This bill has been amended

Bill S4642-2015

Requires the petitioner for appointment of a guardian for an incapacitated person to identify all other persons who may be able to manage the affairs of such incapacitated person

Requires the petitioner for appointment as the guardian for an incapacitated person to identify all other persons who may be able to manage the affairs of such incapacitated person; prohibits appointment solely for the purposes of bill collection or resolving a bill collection dispute.

Details

Actions

  • May 5, 2015: ADVANCED TO THIRD READING
  • May 4, 2015: 2ND REPORT CAL.
  • Apr 29, 2015: 1ST REPORT CAL.496
  • Apr 1, 2015: REFERRED TO MENTAL HEALTH AND DEVELOPMENTAL DISABILITIES

Votes

VOTE: COMMITTEE VOTE: - Mental Health and Developmental Disabilities - Apr 29, 2015
Ayes (11): Ortt, Carlucci, Felder, Hannon, Murphy, Serino, Seward, Hamilton, Krueger, Rivera, Serrano

Memo

BILL NUMBER:S4642

TITLE OF BILL:

An act to amend the mental hygiene law, in relation to requiring petitioners for appointment of a guardian to identify other persons who may be able to manage the affairs of an incapacitated person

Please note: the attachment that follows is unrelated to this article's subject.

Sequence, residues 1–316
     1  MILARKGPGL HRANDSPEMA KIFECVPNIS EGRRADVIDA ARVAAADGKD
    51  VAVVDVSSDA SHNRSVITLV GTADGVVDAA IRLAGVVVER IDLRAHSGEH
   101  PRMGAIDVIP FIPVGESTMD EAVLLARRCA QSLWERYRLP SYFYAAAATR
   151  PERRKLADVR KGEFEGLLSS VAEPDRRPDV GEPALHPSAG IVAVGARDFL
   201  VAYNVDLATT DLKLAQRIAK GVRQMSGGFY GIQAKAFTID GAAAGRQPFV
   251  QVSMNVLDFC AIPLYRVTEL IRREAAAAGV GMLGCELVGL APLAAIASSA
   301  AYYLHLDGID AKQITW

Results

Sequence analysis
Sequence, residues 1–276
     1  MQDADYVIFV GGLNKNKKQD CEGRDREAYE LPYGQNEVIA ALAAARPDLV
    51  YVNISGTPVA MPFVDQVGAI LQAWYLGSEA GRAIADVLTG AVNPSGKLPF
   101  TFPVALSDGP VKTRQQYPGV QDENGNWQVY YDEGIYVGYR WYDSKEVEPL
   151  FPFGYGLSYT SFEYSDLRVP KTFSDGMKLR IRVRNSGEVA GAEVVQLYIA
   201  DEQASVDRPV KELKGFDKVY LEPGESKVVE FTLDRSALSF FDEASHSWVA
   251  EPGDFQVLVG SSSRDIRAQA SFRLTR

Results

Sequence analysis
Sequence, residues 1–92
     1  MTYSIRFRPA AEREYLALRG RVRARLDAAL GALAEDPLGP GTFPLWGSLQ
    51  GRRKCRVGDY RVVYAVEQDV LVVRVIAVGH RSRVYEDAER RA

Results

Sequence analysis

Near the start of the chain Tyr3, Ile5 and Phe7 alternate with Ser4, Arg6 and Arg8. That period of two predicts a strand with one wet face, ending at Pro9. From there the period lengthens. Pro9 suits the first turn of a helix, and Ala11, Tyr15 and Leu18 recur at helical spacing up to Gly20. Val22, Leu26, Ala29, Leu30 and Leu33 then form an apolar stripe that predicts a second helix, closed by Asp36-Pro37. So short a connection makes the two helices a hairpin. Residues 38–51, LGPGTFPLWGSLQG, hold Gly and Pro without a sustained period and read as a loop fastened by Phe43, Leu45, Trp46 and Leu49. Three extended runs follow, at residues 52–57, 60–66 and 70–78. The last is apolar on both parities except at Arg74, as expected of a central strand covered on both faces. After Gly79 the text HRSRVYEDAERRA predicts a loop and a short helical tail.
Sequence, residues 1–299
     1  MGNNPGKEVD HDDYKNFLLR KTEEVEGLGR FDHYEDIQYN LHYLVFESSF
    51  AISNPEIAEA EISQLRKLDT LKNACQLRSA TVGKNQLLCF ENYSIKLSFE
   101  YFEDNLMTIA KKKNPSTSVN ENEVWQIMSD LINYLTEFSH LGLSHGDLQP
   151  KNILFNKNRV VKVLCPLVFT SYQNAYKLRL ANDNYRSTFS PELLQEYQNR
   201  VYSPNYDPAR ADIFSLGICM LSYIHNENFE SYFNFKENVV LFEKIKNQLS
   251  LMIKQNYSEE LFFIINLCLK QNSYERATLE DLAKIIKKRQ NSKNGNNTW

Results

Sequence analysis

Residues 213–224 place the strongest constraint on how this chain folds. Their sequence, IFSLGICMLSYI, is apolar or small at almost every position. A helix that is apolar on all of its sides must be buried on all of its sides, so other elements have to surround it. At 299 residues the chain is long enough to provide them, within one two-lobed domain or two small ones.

PURPOSE:

This legislation would prevent the use of the guardianship law for the primary purpose of bill collection and would correct erroneous cross references to the power of attorney law.

SUMMARY OF PROVISIONS OF BILL:

Section 1 of the bill amends subdivision (e) of Section 81.03 of the Mental Hygiene Law to expand the list of available resources, people who would be served notice of a guardianship petition including family members, people granted legal authority to manage the personal, medical and/or financial affairs of the alleged incapacitated person and persons or entities that have demonstrated a genuine interest in promoting the best interests of the alleged incapacitated person (AIP).

Section 2 of the bill amends paragraph 7 of subdivision (a) of Section 81.06 of the Mental Hygiene Law to prevent nursing homes from filing guardianship petitions where the petition is brought primarily for purposes of bill collection or resolving a bill collection dispute.

Section 4 of the bill amends paragraph 14, of subdivision (a) of section 81.08 of the Mental Hygiene Law to require the petitioner to provide information about the steps take to identify available resources, along with an explanation for why such resources are not sufficient or reliable to meet the AIP's needs without the appointment of a guardian.